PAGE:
Nonpharmaceutical Measures for Pandemic Influenza in Nonhealthcare Settings—Personal Protective and Environmental Measures
Volume 26, Number 5—May 2020 - Policy Review
"We did not find evidence that surgical-type face masks are effective in reducing laboratory-confirmed influenza transmission, either when worn by infected persons (source control) or by persons in the general community to reduce their susceptibility (Figure 2)."
There were 3 influenza pandemics in the 20th century, and there has been 1 so far in the 21st century. Local, national, and international health authorities regularly update their plans for mitigating the next influenza pandemic in light of the latest available evidence on the effectiveness of various control measures in reducing transmission. Here, we review the evidence base on the effectiveness of nonpharmaceutical personal protective measures and environmental hygiene measures in nonhealthcare settings and discuss their potential inclusion in pandemic plans. Although mechanistic studies support the potential effect of hand hygiene or face masks, evidence from 14 randomized controlled trials of these measures did not support a substantial effect on transmission of laboratory-confirmed influenza. We similarly found limited evidence on the effectiveness of improved hygiene and environmental cleaning. We identified several major knowledge gaps requiring further research, most fundamentally an improved characterization of the modes of person-to-person transmission.
Influenza pandemics occur at irregular intervals when new strains of influenza A virus spread in humans (1). Influenza pandemics cause considerable health and social impact that exceeds that of typical seasonal (interpandemic) influenza epidemics. One of the characteristics of influenza pandemics is the high incidence of infections in all age groups because of the lack of population immunity. Although influenza vaccines are the cornerstone of seasonal influenza control, specific vaccines for a novel pandemic strain are not expected to be available for the first 5–6 months of the next pandemic. Antiviral drugs will be available in some locations to treat more severe infections but are unlikely to be available in the quantities that might be required to control transmission in the general community. Thus, efforts to control the next pandemic will rely largely on nonpharmaceutical interventions.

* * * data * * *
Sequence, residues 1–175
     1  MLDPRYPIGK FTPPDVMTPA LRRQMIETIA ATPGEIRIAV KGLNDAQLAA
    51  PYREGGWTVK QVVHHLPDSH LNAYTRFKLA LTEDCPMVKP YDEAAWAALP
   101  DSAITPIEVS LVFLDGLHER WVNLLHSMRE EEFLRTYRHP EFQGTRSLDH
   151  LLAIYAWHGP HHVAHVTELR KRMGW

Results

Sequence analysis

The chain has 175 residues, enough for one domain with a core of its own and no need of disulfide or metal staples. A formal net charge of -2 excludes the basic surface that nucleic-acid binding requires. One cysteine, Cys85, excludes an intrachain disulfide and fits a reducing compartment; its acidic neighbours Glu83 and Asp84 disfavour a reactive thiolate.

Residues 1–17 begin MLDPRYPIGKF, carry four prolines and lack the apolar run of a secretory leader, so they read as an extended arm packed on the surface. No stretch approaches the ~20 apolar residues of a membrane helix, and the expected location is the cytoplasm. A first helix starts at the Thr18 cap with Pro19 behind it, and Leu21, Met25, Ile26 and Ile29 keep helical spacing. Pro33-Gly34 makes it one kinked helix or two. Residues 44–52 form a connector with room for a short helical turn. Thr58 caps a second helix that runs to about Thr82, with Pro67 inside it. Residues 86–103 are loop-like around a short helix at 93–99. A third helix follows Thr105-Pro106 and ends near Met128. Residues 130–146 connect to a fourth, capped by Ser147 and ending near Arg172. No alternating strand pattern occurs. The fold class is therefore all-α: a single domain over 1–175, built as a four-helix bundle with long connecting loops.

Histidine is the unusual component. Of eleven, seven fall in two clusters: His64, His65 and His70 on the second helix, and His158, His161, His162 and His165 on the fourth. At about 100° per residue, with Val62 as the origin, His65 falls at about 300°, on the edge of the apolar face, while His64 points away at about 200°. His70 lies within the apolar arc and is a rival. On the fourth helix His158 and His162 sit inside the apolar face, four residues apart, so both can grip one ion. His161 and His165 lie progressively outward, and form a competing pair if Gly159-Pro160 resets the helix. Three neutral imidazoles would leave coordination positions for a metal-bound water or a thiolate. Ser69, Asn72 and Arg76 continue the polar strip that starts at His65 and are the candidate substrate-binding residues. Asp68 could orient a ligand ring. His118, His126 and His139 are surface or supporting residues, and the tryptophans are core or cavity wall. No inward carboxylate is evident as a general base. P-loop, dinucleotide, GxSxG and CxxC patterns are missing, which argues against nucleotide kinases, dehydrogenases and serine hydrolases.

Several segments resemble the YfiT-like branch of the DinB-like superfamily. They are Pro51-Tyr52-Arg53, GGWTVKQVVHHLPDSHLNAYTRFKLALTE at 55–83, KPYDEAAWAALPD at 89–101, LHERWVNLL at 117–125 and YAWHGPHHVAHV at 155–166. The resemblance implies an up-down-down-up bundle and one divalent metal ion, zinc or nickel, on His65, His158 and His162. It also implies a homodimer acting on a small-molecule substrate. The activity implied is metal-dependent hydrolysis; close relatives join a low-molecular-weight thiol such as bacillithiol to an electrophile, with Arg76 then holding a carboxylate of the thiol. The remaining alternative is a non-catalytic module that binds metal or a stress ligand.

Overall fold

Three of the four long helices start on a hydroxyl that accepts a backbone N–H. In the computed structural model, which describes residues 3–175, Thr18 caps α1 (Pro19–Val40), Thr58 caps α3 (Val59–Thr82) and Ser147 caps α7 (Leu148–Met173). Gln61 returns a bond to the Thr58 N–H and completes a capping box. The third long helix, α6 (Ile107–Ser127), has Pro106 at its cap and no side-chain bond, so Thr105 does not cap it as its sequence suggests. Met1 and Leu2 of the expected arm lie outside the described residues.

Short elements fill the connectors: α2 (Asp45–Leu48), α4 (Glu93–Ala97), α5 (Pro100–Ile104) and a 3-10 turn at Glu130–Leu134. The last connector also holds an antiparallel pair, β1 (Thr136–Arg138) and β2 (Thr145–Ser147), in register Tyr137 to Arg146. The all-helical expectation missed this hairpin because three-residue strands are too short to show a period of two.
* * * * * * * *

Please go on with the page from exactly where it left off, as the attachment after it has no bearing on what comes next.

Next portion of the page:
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Most influenza virus infections cause mild and self-limiting disease; only a small fraction of case-patients require hospitalization. Therefore, influenza virus infections spread mainly in the community. Influenza virus is believed to be transmitted predominantly by respiratory droplets, but the size distribution of particles responsible for transmission remains unclear, and in particular, there is a lack of consensus on the role of fine particle aerosols in transmission (2,3). In healthcare settings, droplet precautions are recommended in addition to standard precautions for healthcare personnel when interacting with influenza patients and for all visitors during influenza seasons (4). Outside healthcare settings, hand hygiene is recommended in most national pandemic plans (5), and medical face masks were a common sight during the influenza pandemic in 2009. Hand hygiene has been proven to prevent many infectious diseases and might be considered a major component in influenza pandemic plans, whether or not it has proven effectiveness against influenza virus transmission, specifically because of its potential to reduce other infections and thereby reduce pressure on healthcare services.
In this article, we review the evidence base for personal protective measures and environmental hygiene measures, and specifically the evidence for the effectiveness of these measures in reducing transmission of laboratory-confirmed influenza in the community. We also discuss the implications of the evidence base for inclusion of these measures in pandemic plans.
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